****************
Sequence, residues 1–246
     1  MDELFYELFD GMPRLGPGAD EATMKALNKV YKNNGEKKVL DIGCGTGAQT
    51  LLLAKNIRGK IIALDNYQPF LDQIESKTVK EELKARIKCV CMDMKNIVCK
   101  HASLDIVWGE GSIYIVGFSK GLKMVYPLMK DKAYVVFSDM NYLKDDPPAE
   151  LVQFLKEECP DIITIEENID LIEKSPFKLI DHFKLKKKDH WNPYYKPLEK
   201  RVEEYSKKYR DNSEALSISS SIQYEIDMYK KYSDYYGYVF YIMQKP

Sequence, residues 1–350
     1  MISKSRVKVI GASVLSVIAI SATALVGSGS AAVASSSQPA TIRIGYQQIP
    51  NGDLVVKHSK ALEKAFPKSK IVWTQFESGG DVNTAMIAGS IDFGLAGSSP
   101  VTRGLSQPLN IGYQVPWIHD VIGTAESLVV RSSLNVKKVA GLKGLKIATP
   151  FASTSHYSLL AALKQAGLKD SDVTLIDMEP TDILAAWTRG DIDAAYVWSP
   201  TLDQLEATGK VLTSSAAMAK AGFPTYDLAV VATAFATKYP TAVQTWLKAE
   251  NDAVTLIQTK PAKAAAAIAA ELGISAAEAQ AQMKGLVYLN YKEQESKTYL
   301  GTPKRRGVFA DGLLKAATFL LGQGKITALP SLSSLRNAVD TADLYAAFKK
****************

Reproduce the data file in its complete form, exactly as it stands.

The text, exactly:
Sequence, residues 1–246
     1  MDELFYELFD GMPRLGPGAD EATMKALNKV YKNNGEKKVL DIGCGTGAQT
    51  LLLAKNIRGK IIALDNYQPF LDQIESKTVK EELKARIKCV CMDMKNIVCK
   101  HASLDIVWGE GSIYIVGFSK GLKMVYPLMK DKAYVVFSDM NYLKDDPPAE
   151  LVQFLKEECP DIITIEENID LIEKSPFKLI DHFKLKKKDH WNPYYKPLEK
   201  RVEEYSKKYR DNSEALSISS SIQYEIDMYK KYSDYYGYVF YIMQKP

Sequence, residues 1–350
     1  MISKSRVKVI GASVLSVIAI SATALVGSGS AAVASSSQPA TIRIGYQQIP
    51  NGDLVVKHSK ALEKAFPKSK IVWTQFESGG DVNTAMIAGS IDFGLAGSSP
   101  VTRGLSQPLN IGYQVPWIHD VIGTAESLVV RSSLNVKKVA GLKGLKIATP
   151  FASTSHYSLL AALKQAGLKD SDVTLIDMEP TDILAAWTRG DIDAAYVWSP
   201  TLDQLEATGK VLTSSAAMAK AGFPTYDLAV VATAFATKYP TAVQTWLKAE
   251  NDAVTLIQTK PAKAAAAIAA ELGISAAEAQ AQMKGLVYLN YKEQESKTYL
   301  GTPKRRGVFA DGLLKAATFL LGQGKITALP SLSSLRNAVD TADLYAAFKK